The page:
Japan-related Collections at the
Yale Divinity School
The Divinity Library holds both original format and microform collections of manuscript and archival materials related to missionary work and the Christian church in Japan. These records are of use both in providing information about events, movements, and institutions in Japan, and in providing insight into the Western societies that sent, supported, and were embodied in the missionaries.
Types of missionary records:
How to find archival materials:
Samples of collections held at the Divinity Library:
Microfilm collection: Film Ms.32 Guide:
The ABCFM was an American, Congregational mission agency. The documents date from 1862 and include letters written by missionaries to the home board, station reports, minutes, etc. An example of the documentation is the extensive correspondence of O.H. Gulick who was stationed in Kobe and Nigata from 1870 to 1893. Gulick started the first Japanese Christian newspaper in 1875, the weekly Shichiichi Zappo. There is also documentation of educational work in Japan, such as re. Kobe College and Doshisha University.
Microfilm collection: Film Ms 109, Section I:
East Asia Missions
The CMS was a British mission agency. Examples of documentation include: Part 1: the archive of the Loochoo Naval Mission, 1843-1861, with the important journals of Dr Bernard Bettelheim and Rev G H Morton, describing their missionary activities. Researchers can study the papers relating to the main educational centre in Osaka, where the famous CMS school for girls was opened in 1879 and developed under the guidance of Miss Katherine Tristram between 1888 and 1925. There is also good material on the work of Rev John Batchelor amongst the Ainu on the island of Yezu. See the online guide at:: http://www.adam-matthew-publications.co.uk/collections_az/CMS-1-01/highlights.aspx (Reels 1-21). Part 2 continues coverage of the Japan Mission and comprises Original Papers for 1887-1915. There is material on the CMS missions at Osaka, Tokyo, Hakodate, Tokushima, Fukuoka, Matsuye, Hiroshima, Sapporo and Otaru. Reports from different mission stations cover the experiences of individual missionaries, their problems and working conditions. Guide: http://www.adam-matthew-publications.co.uk/collections_az/CMS-1-02/highlights.aspx.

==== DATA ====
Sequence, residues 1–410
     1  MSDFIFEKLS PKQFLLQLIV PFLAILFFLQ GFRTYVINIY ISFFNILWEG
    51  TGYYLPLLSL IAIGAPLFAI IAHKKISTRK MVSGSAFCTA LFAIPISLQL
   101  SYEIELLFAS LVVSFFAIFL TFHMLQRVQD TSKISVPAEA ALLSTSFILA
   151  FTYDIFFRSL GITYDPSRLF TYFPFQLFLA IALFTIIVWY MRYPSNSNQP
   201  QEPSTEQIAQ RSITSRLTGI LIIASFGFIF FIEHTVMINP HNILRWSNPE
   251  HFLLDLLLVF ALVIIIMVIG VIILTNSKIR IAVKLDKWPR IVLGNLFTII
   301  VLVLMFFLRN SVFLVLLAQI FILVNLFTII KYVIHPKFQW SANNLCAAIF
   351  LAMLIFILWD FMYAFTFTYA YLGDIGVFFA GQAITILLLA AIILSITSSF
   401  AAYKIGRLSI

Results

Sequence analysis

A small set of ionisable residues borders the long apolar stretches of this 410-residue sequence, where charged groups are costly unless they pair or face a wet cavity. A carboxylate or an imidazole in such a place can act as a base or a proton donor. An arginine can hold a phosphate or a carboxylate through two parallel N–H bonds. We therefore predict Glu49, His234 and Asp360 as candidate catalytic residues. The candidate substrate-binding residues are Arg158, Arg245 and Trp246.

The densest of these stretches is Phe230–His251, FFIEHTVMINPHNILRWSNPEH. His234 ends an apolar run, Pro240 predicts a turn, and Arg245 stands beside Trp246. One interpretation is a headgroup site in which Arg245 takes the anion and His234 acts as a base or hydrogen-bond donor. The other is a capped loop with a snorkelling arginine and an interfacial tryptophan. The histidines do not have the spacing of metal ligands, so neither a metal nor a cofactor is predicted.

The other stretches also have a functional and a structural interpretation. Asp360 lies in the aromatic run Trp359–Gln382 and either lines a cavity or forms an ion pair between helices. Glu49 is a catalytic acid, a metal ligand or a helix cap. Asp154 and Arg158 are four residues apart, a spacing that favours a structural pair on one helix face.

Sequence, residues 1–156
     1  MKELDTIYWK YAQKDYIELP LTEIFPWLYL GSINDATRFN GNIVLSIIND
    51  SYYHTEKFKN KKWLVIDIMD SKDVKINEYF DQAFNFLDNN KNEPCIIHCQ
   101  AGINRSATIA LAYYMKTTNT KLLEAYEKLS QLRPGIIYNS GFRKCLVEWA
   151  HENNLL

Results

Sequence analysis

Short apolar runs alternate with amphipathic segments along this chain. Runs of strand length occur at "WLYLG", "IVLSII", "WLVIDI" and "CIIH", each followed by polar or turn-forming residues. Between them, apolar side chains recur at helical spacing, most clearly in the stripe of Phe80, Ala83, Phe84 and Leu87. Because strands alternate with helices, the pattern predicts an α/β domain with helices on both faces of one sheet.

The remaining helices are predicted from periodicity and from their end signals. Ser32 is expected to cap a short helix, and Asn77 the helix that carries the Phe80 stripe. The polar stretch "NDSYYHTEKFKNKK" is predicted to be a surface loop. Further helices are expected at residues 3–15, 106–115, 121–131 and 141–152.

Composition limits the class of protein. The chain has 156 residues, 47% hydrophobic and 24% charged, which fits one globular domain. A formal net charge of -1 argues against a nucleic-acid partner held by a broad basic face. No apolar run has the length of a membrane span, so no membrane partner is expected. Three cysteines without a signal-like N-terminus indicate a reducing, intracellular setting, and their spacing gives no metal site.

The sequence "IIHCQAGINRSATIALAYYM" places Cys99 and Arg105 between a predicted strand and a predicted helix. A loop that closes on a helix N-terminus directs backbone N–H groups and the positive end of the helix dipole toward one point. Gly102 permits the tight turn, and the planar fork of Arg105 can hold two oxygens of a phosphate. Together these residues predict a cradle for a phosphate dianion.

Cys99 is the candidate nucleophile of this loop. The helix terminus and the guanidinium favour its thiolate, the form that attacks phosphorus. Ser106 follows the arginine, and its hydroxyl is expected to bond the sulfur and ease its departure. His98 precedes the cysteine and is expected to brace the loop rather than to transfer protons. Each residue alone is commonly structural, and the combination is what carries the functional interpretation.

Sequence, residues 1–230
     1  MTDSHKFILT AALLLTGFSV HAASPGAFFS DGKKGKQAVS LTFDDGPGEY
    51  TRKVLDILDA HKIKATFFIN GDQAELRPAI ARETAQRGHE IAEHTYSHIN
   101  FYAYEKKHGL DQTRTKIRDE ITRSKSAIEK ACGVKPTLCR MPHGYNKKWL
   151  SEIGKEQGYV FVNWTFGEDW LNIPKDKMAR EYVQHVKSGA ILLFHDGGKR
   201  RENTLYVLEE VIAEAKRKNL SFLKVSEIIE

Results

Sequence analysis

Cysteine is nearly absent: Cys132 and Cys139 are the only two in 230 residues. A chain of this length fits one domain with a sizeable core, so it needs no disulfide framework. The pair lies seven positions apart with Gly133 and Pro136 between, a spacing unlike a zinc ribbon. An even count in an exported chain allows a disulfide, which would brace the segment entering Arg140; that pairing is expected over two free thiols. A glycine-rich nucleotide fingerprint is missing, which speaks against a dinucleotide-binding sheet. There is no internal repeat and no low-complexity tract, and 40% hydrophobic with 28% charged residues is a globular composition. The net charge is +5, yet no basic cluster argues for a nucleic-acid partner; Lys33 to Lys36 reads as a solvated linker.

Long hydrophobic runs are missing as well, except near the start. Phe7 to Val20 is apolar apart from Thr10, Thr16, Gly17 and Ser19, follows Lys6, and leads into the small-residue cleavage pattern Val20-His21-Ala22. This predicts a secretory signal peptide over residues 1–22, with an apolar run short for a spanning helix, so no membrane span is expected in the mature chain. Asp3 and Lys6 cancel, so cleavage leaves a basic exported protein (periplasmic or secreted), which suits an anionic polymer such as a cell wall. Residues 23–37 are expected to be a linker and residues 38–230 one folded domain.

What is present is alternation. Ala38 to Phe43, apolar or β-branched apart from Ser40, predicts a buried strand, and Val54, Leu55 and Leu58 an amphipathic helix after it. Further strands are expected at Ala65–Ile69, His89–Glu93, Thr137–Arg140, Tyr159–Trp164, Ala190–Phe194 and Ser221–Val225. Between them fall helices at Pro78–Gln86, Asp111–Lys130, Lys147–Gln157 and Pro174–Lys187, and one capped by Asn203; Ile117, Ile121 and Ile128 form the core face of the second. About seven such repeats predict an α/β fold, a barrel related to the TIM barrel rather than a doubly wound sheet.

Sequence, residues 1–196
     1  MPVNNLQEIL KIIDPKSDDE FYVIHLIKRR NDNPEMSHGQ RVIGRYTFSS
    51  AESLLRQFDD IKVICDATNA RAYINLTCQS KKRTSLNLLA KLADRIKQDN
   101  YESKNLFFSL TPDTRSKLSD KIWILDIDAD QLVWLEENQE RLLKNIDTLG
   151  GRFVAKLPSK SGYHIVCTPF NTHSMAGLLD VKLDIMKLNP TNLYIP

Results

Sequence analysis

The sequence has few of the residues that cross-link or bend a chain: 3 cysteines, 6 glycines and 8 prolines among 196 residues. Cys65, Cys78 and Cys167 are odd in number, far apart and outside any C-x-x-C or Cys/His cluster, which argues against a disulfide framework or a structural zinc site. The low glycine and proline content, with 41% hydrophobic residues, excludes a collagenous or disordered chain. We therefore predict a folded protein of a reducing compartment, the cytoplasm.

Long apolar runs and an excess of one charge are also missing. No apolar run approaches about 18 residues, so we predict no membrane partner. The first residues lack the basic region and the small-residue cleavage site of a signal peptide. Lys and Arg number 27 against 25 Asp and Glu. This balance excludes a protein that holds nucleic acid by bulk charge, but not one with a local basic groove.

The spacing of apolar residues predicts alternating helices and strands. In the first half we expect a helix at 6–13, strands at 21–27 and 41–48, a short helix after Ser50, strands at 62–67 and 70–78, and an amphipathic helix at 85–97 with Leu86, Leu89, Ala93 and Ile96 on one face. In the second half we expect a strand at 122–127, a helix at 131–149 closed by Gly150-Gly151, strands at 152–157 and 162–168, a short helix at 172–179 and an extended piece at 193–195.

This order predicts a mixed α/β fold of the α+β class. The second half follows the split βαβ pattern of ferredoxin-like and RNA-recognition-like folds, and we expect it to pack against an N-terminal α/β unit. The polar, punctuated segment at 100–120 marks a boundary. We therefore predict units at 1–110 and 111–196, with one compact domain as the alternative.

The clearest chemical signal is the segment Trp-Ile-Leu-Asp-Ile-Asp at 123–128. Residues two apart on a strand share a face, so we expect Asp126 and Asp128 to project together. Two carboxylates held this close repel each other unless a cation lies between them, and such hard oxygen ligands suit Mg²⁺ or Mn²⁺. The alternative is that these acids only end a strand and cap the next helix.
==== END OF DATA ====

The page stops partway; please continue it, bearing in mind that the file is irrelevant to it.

Microfilm collection – Film Ms. 170 Guide: http://archives.gcah.org/eadweb/gcah3749.htm
The Methodist Episcopal Church was an American mission agency. This collection includes of missionary letters and reports with the earliest records from 1887.
Microfilm collection: Film Ms. 117 Guide: http://www.adam-matthew-publications.co.uk/digital_guides/japan_through_western_eyes_part_1/Contents.aspx) This collection includes missionary documents from the William R. Perkins Library at Duke University. Individuals for whom records are available include the following:
· John Caldwell Calhoun Newton, missionary of the Methodist Church South, first went to Japan in 1888 as a faculty member of the Kwansei Gakuin Union Mission College and Seminary in Kobe, Japan. He lived in Japan until 1897, and then again between 1903-1923.. (Reels 4-13)
· Hattie (McClain) Gring was a missionary in Japan during the 1880s and 1890s. Sponsored first by the German Reformed Church and later by the Protestant Episcopal Church, the Grings lived in Yokohama, Tokyo and Kyoto. Hattie Gring’s letters are contained in the papers of Mary E (McClain) Sword (Reel 19)
· Elizabeth Russell was Methodist missionary in Nagasaki. Russell wrote about Japanese customs, missionary work in Japan, the restoration of that country, and Russian refugees in Japan. Her letters are contained in the papers of William E. Tolbert. (Reel 20)
Documentation of the “Nanking Massacre”: The Divinity Library collections include notable documentation of the Japanese occupation of Nanjing during the late 1930s. Many of these documents have been digitized and are available on the following website: http://www.library.yale.edu/div/Nanking.
For more information, contact the Divinity Library Special Collections Librarian, Martha Smalley at email@example.com or 203 432 5289.